Rolling Stone Magazine is reporting that when Trump’s lawyers told the former president that he was on the verge of a federal indictment relating to his handling of classified documents, Trump said that he still wanted “my documents” and “my boxes” returned. Trump reportedly asked his lawyers if they could retrieve the documents from the government.
Trump has also insisted that it was “illegal” that he was no longer in possession of the documents that the FBI seized in their Mar-a-Lago raid last August. The documents belong to “me,” Trump emphasized. Trump also asked his lawyers if there were any “legal maneuvers or court filings” that could help him get the documents returned.
“For much of his post presidency, Trump has incorrectly insisted to various aides and confidants that the highly classified documents he continued to hoard were ‘mine.’ In some of these conversations, according to the source with knowledge of the matter, Trump has also mentioned that he’ll get the documents back in 2025 – because he predicts he’ll be president again, and therefore regain unfettered access to the government’s most-sensitive secrets,” Rolling Stone reported.
The Legal Argument
Since being charged with 37 counts related to the classified documents, Trump and his team have argued that his behavior was legal thanks to the Presidential Records Act.
Several lawyers have argued that Trump is indeed entitled to the documents being returned to him under 44 U.S. Code Section 2205(3), which holds that “Presidential records of a former President shall be available to such former President or the former President’s designated representative.”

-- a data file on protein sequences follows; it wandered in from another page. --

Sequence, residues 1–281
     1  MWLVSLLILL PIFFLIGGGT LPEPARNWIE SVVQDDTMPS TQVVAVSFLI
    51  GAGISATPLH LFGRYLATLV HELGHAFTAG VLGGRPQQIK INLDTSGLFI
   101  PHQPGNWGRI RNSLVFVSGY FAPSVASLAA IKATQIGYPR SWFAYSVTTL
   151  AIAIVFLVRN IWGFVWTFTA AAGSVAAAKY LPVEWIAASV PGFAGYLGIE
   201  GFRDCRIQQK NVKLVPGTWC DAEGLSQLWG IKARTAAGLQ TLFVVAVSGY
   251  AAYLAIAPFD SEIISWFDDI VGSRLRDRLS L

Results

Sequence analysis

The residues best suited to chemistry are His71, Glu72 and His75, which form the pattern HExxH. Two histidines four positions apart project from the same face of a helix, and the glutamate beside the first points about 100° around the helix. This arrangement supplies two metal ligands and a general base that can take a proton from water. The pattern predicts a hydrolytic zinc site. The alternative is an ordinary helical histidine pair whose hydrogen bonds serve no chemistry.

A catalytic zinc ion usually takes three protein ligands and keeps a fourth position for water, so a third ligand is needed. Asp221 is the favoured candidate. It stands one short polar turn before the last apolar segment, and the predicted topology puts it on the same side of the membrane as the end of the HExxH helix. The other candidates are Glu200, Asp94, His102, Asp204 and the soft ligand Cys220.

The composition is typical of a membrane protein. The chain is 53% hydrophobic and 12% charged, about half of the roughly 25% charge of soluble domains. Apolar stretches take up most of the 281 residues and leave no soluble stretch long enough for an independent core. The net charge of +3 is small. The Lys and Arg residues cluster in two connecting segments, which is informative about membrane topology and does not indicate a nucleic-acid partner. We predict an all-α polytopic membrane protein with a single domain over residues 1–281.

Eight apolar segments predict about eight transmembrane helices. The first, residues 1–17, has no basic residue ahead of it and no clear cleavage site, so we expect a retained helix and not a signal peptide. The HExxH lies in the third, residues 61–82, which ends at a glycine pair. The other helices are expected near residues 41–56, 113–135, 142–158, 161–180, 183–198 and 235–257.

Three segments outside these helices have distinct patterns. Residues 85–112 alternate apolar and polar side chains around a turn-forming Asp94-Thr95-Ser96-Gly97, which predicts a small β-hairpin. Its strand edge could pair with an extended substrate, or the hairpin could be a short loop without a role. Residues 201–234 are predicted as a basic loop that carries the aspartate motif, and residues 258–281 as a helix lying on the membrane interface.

But Rolling Stone, who decided Trump was guilty of something, as far back as 2015, asserts that classification rules experts disagree with the lawyers arguing Trump’s perspective. “Whatever one might say about his Presidential Records Act argument, there’s no argument that it immunizes him from criminal prosecution under the Espionage Act,” said former CIA lawyer Brian Greer.
Let’s pause for a moment and acknowledge that liberals are looking to CIA lawyers to uphold the Espionage Act. The left is supposed to despise the CIA, which has spent decades botching operations, often with nefarious tactics. And the left is supposed to despise the Espionage Act, which has been used to suppress free speech and freedom of the press since the law was enacted one hundred years ago and promptly used to discourage public dissent against World War One. But now you’ve got Rolling Stone gleefully citing CIA attorneys and the Espionage Act. My point is Trump has completely fried the liberal moral compass. Trump has become this white whale that must be got no matter what, even if getting him means relying on statutes, organizations, and rhetoric that was once anathema to the liberal worldview.
I can’t speak to the strength of Trump’s legal argument. I can say that Trump had, when president, the legal authority to unilaterally declassify documents. And I can say that classified documents are usually dealt with in administrative terms, not legal terms.
Lastly, I’ll point out that Hillary Clinton and Joe Biden have had classified document slip-ups. When Clinton was revealed to have been using a private e-mail server to conduct sensitive business in her official capacity as Secretary of State, and Trump invited his fans to chant ‘Lock Her Up,’ liberals were pretty dismissive of whether mishandling classified materials constituted a serious offense (ditto, Trump has inverted his position).
Biden, meanwhile, currently under investigation, is being commended for cooperating with authorities after it was discovered he had classified documents in his possession – in various and unsecured locations. But cooperation after the fact is not really the rub of a classified documents violation, is it? The rub is the violation itself.
What I’m getting at is that Trump’s prosecution for mishandling classified documents is not only hypocritical but likely sets a dangerous precedent.
Harrison Kass is the Senior Editor and opinion writer at 19FortyFive. An attorney, pilot, guitarist, and minor pro hockey player, Harrison joined the US Air Force as a Pilot Trainee but was medically discharged. Harrison holds a BA from Lake Forest College, a JD from the University of Oregon, and an MA from New York University. Harrison listens to Dokken.